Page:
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Could State Legislatures Pick Their Own Electors to Vote for Trump? Not Likely

At the same time, election law experts said none of the lawsuits presented evidence of widespread fraud that could reverse Mr. Trump’s deficits. With Arizona added to Mr. Biden’s column on Thursday, he has comfortably won the election with at least 290 projected electoral votes, 20 more than needed for a majority. Two states, North Carolina and Georgia, remain undecided.

Bob Bauer, a leading Democratic elections lawyer and senior adviser to the Biden campaign, dismissed the notion of legislatures picking electors. “When all is said and done, you can’t stop the process from coming to the inevitable conclusion,” he said.

The idea of legislatures intervening for Mr. Trump gained currency in the days after Election Day, following months of Mr. Trump’s raging that the election would be “rigged,” a baseless accusation, although one embraced by many of his supporters.

On Nov. 5, as Pennsylvania’s gradual counting of mail-in ballots eroded Mr. Trump’s edge in the votes cast on Election Day, the Fox News commentator Sean Hannity suggested the results should be invalidated. Senator Lindsey Graham of South Carolina, a staunch Trump supporter, responded, “I think everything should be on the table.”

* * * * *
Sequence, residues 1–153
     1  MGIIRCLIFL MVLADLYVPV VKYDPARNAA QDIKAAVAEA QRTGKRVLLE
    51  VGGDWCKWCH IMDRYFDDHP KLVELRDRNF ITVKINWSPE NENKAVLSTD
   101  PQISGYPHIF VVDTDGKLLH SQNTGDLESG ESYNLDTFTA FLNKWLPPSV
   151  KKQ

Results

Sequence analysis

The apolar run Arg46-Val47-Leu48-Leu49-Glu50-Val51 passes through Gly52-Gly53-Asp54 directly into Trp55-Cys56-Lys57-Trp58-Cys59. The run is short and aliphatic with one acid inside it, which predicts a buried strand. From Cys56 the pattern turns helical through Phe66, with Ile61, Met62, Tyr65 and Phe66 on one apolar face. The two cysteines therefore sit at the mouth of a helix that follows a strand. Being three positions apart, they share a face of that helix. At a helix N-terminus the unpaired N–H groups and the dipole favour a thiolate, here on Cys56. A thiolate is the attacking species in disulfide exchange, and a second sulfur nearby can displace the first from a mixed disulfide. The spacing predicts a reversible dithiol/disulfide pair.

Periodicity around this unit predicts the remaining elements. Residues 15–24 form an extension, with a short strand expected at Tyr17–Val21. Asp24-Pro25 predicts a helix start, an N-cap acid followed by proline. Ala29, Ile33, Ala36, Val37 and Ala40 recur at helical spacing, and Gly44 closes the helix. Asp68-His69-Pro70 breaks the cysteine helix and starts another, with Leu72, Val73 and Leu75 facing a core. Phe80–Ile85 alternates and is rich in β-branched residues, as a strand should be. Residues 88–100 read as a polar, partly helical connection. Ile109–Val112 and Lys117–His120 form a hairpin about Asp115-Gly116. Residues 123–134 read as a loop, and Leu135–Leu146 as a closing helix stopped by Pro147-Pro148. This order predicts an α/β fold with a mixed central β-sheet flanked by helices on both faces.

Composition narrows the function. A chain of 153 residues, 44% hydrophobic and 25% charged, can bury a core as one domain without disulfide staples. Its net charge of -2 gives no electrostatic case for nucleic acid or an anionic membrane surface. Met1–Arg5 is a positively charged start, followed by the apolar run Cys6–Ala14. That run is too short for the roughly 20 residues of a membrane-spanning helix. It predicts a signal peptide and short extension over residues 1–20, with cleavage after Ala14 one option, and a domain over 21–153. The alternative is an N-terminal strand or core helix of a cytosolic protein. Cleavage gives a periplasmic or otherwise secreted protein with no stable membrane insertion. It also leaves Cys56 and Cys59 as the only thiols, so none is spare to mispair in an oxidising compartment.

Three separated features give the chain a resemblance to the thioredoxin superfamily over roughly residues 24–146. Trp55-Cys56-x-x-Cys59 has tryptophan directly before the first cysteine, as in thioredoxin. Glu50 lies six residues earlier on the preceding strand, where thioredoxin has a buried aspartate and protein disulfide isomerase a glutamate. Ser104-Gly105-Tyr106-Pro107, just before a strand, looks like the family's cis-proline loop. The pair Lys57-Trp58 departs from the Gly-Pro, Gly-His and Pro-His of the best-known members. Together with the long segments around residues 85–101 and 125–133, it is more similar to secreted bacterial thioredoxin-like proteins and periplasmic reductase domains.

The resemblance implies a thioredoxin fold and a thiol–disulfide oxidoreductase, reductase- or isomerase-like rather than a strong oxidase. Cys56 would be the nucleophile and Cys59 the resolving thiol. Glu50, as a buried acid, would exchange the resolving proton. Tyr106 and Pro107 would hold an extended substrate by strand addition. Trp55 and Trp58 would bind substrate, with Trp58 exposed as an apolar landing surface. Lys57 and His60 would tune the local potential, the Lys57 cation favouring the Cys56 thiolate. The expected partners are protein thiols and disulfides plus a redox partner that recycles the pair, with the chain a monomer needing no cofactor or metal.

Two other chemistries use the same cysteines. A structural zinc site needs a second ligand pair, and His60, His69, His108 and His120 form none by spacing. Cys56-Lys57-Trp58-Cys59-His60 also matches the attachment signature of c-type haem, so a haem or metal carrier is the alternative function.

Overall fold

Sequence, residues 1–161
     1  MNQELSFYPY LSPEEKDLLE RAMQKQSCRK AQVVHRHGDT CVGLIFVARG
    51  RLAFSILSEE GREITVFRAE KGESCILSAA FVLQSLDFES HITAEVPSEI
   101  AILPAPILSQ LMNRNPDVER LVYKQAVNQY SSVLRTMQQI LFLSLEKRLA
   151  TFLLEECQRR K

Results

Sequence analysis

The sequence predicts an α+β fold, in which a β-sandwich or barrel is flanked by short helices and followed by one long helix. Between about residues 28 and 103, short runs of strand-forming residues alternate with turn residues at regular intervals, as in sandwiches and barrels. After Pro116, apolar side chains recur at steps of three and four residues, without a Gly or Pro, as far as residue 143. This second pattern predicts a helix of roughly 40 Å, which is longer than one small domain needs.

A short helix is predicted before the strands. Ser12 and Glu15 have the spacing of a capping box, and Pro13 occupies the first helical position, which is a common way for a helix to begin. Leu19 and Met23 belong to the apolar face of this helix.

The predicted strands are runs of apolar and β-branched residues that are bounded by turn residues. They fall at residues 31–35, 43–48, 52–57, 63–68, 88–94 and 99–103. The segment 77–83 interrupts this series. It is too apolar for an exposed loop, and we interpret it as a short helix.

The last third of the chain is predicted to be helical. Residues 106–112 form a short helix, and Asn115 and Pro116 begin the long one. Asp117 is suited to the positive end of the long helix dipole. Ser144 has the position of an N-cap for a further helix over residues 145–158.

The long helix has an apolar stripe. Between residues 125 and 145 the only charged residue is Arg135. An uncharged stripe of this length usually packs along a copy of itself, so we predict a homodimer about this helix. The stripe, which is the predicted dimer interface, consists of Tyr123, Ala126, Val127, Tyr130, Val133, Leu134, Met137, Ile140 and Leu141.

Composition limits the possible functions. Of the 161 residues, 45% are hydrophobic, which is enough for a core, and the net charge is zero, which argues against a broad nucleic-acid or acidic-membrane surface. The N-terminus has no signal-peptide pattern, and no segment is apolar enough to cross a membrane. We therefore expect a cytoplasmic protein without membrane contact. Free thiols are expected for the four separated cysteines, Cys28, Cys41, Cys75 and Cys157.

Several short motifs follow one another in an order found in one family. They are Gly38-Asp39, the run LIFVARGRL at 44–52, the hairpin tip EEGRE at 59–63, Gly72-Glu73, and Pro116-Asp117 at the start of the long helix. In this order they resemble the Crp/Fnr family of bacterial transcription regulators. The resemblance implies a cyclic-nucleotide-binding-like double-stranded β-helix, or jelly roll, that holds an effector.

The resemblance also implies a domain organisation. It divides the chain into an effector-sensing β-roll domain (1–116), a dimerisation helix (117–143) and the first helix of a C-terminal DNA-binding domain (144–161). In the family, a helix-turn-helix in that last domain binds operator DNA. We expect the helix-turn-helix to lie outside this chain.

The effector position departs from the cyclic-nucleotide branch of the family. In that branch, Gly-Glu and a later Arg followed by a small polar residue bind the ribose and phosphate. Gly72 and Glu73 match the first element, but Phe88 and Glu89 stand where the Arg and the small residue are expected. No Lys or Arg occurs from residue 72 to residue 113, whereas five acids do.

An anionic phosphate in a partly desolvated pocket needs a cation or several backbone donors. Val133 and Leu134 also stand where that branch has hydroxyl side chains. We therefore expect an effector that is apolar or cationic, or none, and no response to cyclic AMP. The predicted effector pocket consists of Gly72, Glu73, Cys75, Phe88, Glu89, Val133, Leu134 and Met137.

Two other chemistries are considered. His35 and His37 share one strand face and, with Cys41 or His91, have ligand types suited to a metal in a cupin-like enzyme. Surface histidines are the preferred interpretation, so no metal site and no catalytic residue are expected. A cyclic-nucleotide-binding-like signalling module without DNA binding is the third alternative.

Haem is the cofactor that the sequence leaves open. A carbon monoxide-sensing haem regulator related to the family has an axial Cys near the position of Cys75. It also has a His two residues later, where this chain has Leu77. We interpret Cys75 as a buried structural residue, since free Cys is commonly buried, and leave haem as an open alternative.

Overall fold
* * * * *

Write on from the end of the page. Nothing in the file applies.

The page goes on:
Earlier that day, Mr. Levin, the conservative radio host, had urged Republican state lawmakers to “get ready to do your constitutional duty,” writing in all capital letters on Twitter.

He was retweeted by the president’s son Donald Trump Jr. And Mr. DeSantis, the Florida governor, urged voters in Michigan and Pennsylvania, both with Republican-majority legislatures, to call lawmakers, who have it in their power to “provide remedies,” he said on Fox News.

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